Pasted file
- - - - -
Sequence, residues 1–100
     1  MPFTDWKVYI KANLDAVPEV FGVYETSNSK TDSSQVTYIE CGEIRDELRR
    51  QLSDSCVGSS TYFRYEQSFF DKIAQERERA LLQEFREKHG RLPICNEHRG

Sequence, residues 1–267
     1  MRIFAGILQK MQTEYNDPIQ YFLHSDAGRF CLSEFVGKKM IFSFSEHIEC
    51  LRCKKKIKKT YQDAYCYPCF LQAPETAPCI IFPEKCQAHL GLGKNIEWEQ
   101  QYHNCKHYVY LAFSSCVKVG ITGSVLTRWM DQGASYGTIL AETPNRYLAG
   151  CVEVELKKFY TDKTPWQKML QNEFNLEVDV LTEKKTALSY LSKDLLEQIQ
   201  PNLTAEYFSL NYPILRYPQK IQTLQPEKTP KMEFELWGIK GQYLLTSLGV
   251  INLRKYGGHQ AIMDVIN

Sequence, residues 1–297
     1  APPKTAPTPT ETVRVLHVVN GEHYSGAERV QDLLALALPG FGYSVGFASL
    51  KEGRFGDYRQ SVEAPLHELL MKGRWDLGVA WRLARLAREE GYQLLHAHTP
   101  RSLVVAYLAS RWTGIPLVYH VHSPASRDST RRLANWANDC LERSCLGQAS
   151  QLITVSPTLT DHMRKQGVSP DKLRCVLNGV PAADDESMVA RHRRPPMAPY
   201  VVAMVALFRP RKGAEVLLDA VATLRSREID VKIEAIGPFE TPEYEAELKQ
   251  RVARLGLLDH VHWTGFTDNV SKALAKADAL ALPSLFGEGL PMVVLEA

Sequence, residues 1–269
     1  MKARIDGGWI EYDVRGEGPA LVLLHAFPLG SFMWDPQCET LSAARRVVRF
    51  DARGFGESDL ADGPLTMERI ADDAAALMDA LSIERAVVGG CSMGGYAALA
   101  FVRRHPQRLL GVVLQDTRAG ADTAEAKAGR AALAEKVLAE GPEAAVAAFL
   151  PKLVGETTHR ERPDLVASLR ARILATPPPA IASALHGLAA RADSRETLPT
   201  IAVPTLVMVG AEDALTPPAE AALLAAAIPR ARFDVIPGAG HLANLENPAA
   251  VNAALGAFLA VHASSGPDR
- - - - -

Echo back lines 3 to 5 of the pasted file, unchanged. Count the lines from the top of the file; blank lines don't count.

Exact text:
    51  QLSDSCVGSS TYFRYEQSFF DKIAQERERA LLQEFREKHG RLPICNEHRG

Sequence, residues 1–267
     1  MRIFAGILQK MQTEYNDPIQ YFLHSDAGRF CLSEFVGKKM IFSFSEHIEC